A Frame-Based Approach to Connectives This paper proposes an

A Frame-Based Approach to Connectives
This paper proposes an extended FrameNet (FN) approach for the description of connectives,
and aims to clarify the meanings of connectives by scrutinizing the combinatorial patterns of
semantic frames evoked by the two clauses conjoined with the connective. Our study is based on
FrameNet (Ruppenhofer et al. 2006), which is in turn based on Frame Semantics (Fillmore 1982,
Petruck 1996), in that the meanings of clauses are described in light of the semantic frames
evoked by the participating lexical items, and the core data are either derived from the annotated
sentences in FN or use dictionaries to supplement clauses that have yet to be annotated in FN. It
is an extension and application of the FN framework to connectives that have not yet been fully
described in the project.
Although there is much research on connectives, few scholars explicate the types of
semantic entities that are actually conjoined by connectives. For instance, Mann and Thompson’s
(1986, 1988) Rhetorical Structure Theory (RST) defines the types of relations realized by
connectives in the form of conceptual descriptions of the nucleus and the satellite, but it does not
explicitly specify exactly what semantic entities are represented by each of the clauses.
Here we describe the meanings of connectives in terms of the two frames that each clause
evokes, whose combinational patterns we call “frame valences.” The types of frames evoked by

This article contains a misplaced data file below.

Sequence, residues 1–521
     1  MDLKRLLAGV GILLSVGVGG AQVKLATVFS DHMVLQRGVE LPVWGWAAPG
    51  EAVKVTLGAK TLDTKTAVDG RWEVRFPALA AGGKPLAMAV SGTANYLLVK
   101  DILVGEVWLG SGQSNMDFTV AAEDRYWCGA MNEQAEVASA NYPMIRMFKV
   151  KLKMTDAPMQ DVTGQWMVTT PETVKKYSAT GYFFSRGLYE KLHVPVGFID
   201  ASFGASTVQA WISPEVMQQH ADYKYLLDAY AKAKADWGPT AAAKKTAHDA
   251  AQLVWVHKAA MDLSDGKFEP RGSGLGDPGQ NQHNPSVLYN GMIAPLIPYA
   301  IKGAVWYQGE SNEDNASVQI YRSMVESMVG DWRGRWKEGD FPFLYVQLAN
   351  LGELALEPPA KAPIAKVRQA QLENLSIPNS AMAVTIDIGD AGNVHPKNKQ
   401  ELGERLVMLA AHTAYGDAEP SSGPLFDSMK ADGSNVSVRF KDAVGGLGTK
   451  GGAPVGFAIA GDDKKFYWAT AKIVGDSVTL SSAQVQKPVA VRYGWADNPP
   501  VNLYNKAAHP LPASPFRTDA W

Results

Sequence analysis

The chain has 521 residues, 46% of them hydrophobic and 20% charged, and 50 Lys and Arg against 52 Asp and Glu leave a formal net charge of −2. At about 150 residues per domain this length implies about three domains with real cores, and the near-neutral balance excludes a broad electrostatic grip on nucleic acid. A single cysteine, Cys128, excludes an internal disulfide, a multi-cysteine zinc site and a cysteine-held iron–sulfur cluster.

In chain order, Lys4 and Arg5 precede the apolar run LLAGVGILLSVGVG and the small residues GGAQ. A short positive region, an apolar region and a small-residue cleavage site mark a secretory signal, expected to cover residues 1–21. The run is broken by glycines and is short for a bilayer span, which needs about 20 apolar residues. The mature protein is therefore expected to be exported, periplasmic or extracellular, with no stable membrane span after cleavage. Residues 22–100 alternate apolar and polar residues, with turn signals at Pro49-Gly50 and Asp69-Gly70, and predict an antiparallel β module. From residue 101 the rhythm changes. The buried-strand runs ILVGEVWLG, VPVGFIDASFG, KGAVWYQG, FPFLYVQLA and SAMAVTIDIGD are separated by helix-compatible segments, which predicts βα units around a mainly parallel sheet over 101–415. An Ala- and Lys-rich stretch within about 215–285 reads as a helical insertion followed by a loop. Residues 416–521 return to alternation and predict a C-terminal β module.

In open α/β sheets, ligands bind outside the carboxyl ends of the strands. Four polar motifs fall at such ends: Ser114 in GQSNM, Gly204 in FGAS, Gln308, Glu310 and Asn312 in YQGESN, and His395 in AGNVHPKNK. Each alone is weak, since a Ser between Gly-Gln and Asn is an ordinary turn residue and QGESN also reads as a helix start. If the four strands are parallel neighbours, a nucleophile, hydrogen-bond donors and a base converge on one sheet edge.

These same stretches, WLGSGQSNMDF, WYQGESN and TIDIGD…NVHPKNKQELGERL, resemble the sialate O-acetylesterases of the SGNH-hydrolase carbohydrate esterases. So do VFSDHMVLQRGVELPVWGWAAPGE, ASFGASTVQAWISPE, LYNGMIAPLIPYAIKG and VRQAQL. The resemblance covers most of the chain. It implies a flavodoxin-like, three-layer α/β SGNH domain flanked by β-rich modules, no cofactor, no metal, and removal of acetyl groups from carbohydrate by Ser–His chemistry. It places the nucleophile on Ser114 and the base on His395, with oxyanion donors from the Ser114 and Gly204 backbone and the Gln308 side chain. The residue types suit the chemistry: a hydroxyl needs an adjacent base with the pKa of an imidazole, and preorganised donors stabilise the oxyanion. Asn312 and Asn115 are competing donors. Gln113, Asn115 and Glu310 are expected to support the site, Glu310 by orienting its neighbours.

both main and subordinate clauses are based on the descriptions in FN. Since connectives have
not been the target of analysis in FN, the whole constituent of a subordinate clause is treated as a
frame element (of the main clause) or as an extra-thematic element (cf. Ruppenhofer et al. 2006).
In the proposed framework, by contrast, the frame evoked in the subordinate clauses is also
considered and analyzed. For example, in (1), the Chatting and Waiting frames are evoked in the
main and subordinate clauses respectively (Chatting (Fm)-Waiting (Fs)1):
1. [<interlocutors>They] sat chattingTgt1 [<depictive>together] while [<protagonist>
Elizabeth] waitedTgt2 [<expected_event>for trade to pick up again].
To capture the global structure of meanings and functions of a connective, the frame valences are
further generalized on the basis of the frame-to-frame relationships. Shown in Figure 1, Waiting
is generalized as Activity since it inherits from Intentionally_act. The generalized frame valence
of (1) is now: Activity<–pun>(Fm)-Activity<–pun>(Fs) with punctuality properties coded.
To inductively obtain the frame valences of while, we examined 50 core data mainly
taken from FrameNet and dictionaries (COB5, MED, and OALD7). The analysis revealed 10
major frame valences, shown in Table 1. We demonstrate that laying out such frame valences is
a useful method for differentiating between the four senses of while, and for clarifying the
differences between while and its synonymous connective although. The list of frame valences
obtained in this study has further been tested with the data (250 tokens) randomly drawn from
the British National Corpus (BNC). Furthermore, the connective uses of since (from BNC) are
also examined to show that this approach is applicable to other polysemous connectives.
Figure 1 FrameGrapher depiction of frame-to-frame relationships. Table 1. The generalized frame valences of while
Fm and Fs indicate “Frame in the Main clause” and “Frame in the Subordinate clause”. Frame elements are indicated in angle brackets.
Selected References
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